9 Port Arthur (1904)
The first great war of the 20th century was between Russia and Japan over control of Korea and Manchuria. To win at Port Arthur (today known as Lüshun Port in Dalian, China) the Japanese needed to navigate through a harbor wired with mines to close within battleship range of the Russian fleet. For this, they had a secret weapon: a Russian double agent in Port Arthur, Sidney Reilly.
Reilly was nicknamed “the Ace of Spies” and had been sending information to the British and Japanese, while also stealing food and morphine for sale as a war profiteer. Less than a month before the battle at Port Arthur, he and a Chinese engineer managed to bluff their way into the Russian naval headquarters and steal the harbor’s defense plans for the Japanese. This gave the Japanese the locations of all mines and shore batteries, springing them into action.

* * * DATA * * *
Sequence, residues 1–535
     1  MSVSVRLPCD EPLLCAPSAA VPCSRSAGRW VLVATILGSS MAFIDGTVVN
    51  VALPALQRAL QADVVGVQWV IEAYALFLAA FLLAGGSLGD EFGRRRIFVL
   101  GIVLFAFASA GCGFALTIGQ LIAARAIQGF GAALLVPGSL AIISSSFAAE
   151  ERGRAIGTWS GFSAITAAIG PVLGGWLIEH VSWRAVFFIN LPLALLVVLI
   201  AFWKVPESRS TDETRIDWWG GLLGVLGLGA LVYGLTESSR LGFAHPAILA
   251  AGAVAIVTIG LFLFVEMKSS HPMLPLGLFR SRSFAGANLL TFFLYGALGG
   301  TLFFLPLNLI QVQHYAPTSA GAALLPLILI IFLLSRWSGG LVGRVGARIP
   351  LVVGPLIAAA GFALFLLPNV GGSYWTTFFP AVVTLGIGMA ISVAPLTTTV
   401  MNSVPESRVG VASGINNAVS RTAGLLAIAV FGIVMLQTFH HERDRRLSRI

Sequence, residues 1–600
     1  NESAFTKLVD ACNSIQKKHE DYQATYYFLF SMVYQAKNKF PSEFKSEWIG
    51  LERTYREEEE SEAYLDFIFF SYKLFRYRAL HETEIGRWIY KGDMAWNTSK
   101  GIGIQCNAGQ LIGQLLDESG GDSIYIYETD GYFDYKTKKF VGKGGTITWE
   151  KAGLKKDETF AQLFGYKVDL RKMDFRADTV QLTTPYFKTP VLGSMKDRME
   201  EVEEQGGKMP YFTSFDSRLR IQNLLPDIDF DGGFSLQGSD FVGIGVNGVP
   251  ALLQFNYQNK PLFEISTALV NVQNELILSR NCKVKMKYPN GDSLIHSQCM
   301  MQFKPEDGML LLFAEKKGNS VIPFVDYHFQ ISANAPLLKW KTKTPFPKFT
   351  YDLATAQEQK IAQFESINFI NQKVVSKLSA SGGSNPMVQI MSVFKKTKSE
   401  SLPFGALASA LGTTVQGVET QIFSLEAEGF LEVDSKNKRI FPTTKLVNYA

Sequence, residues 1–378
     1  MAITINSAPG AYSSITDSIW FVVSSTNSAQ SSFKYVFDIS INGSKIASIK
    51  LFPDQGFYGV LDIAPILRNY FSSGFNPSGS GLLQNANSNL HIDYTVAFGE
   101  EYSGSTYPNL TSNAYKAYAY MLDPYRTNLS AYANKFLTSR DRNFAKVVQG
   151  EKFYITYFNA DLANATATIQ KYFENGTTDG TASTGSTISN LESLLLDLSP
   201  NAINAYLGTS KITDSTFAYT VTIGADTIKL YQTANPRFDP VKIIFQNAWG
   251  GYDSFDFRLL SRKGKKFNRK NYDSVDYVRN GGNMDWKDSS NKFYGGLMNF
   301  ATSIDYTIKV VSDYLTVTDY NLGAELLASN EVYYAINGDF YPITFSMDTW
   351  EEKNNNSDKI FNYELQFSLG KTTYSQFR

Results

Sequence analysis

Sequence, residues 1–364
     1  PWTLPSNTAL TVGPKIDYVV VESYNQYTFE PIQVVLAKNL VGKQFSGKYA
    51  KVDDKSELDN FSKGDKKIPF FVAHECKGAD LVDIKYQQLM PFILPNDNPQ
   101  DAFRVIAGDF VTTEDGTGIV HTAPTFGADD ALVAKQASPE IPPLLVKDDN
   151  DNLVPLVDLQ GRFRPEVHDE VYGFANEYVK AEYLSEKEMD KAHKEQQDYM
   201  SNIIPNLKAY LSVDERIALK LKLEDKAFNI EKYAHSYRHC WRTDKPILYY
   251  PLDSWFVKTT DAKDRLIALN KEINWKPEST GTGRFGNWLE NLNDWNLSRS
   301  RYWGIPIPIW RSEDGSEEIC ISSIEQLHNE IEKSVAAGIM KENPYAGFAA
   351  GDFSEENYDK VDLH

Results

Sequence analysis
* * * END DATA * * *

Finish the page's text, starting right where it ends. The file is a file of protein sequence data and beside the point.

The information wasn’t enough for the Japanese to wring a total victory—they lost five ships and 90 men against Russia’s losses of seven ships and 150 men. But holding their own in this battle helped the Japanese eventually win the war, a stunning accomplishment against a European power. This, in turn, weakened Russia’s control of its own people, leading to the Revolution of 1905.
8 Austerlitz (1805)
Historians remember Austerlitz as Napoleon’s perfect masterpiece, but much of the credit for his victory belongs to another man. Karl Schulmeister was Vienna’s chief of police and was also Napoleon’s double agent, supplying the French generals with whatever information they requested.
The legends surrounding Schulmeister boggle the mind. During 1809’s Battle of Wagram, Austrian soldiers recognized him as a spy and chased him into a boarding house. They found a barber with towels and razors behind a bar and said, “We are chasing a spy!” The barber replied, “He just ran upstairs!” They ran up in pursuit, and Schulmeister the barber got away.